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Meadows is reportedly the latest to receive grand jury subpoena

Mark Meadows might very well be the most important witness in the entire Jan. 6 investigation. He reportedly has received a subpoena from the special counsel.


We learned last week that special counsel Jack Smith, as part of his criminal investigations into Donald Trump, was starting to issue grand jury subpoenas to some highly prominent figures, including former Vice President Mike Pence. The latest Wall Street Journal reporting suggests that list is still growing in important ways.

Former White House chief of staff Mark Meadows has been subpoenaed by the special counsel investigating former President Donald Trump’s efforts to overturn his loss in the 2020 election, according to a person familiar with the matter. ... As Mr. Trump’s final White House chief of staff, Mr. Meadows would be among the closest advisers of the former president to be summoned before the grand jury.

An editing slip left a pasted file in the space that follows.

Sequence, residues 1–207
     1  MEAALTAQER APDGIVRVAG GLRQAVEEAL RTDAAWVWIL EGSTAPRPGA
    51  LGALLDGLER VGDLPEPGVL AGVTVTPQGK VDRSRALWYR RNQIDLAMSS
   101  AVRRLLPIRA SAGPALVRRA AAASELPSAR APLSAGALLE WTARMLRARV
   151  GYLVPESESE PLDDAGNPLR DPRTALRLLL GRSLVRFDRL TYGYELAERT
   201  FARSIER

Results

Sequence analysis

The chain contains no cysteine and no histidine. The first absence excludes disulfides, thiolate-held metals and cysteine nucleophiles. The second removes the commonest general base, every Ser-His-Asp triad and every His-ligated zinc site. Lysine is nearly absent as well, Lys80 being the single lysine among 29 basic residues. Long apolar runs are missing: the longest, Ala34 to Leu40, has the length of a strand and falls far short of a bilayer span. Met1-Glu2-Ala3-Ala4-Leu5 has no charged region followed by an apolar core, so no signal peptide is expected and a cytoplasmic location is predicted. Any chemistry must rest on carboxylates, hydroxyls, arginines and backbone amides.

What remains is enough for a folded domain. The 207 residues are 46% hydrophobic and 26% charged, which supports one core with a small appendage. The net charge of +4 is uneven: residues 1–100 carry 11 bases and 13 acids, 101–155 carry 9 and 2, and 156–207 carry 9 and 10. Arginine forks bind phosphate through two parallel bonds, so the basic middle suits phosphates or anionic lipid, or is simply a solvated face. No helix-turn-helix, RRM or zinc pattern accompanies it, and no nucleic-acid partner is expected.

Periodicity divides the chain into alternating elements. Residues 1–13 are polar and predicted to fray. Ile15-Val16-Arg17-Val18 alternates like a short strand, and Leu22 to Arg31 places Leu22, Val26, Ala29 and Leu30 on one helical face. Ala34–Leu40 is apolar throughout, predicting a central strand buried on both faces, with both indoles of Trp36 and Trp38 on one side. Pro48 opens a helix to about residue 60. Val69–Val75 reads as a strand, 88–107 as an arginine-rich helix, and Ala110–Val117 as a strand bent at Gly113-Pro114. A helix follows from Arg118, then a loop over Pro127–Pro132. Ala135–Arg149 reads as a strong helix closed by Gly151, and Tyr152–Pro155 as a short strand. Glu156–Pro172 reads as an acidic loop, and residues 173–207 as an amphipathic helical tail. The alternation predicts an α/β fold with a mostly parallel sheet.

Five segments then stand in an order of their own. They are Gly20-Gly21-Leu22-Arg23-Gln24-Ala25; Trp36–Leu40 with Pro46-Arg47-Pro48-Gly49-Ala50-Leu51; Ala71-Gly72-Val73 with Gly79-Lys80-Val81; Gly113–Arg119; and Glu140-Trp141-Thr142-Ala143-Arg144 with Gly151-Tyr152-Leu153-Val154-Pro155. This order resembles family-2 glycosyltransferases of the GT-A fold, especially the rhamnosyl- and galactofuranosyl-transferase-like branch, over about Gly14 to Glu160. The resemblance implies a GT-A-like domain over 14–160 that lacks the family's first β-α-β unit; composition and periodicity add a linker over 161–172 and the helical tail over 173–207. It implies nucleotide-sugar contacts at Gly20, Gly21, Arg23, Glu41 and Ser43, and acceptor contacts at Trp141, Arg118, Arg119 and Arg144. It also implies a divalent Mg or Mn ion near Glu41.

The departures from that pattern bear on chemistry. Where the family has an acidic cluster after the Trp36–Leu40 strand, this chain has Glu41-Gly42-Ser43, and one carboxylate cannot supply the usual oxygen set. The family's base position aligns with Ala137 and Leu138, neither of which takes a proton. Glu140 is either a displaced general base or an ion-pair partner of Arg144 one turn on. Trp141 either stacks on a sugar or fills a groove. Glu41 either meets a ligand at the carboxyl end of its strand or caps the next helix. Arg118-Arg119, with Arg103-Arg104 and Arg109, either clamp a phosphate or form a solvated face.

Though CNN published a report on the same developments, this has not yet been independently verified by MSNBC or NBC News.

Time will tell how Meadows responds to the apparent subpoena, and if recent history is any guide, it’s likely he’ll invoke executive privilege in the hopes of avoiding key questions. It’s also likely that this won’t work: He tried this tack in response to a subpoena from a special grand jury in Fulton County, Georgia, and a judge soon after ordered Meadows to testify anyway.

What’s more, whether Meadows joins the list of Team Trump members asserting his Fifth Amendment right against self-incrimination also remains to be seen.

What’s far clearer, however, is just how important the former White House chief of staff is to the larger investigation into Trump’s efforts to claim illegitimate power after his 2020 defeat. Indeed, by some measures, Meadows might very well be the single most important witness in the entire investigation.

It was Meadows who was with Trump in the Oval Office during the Jan. 6 attack on the Capitol. It was Meadows who was involved in the fake electors scheme. It was Meadows who was in frequent communication with far-right GOP lawmakers about efforts to overturn the results of the 2020 election. It was Meadows who allegedly — and quite literally — set fire to documents in a White House fireplace, several times, after having important post-election meetings.

It was also Meadows who reportedly told Cassidy Hutchinson, one of his top aides, that “things might get real, real bad” on Jan. 6.

As for the timing of these latest developments, if you’re wondering why it took so long for Justice Department investigators to subpoena Meadows, you’re not alone.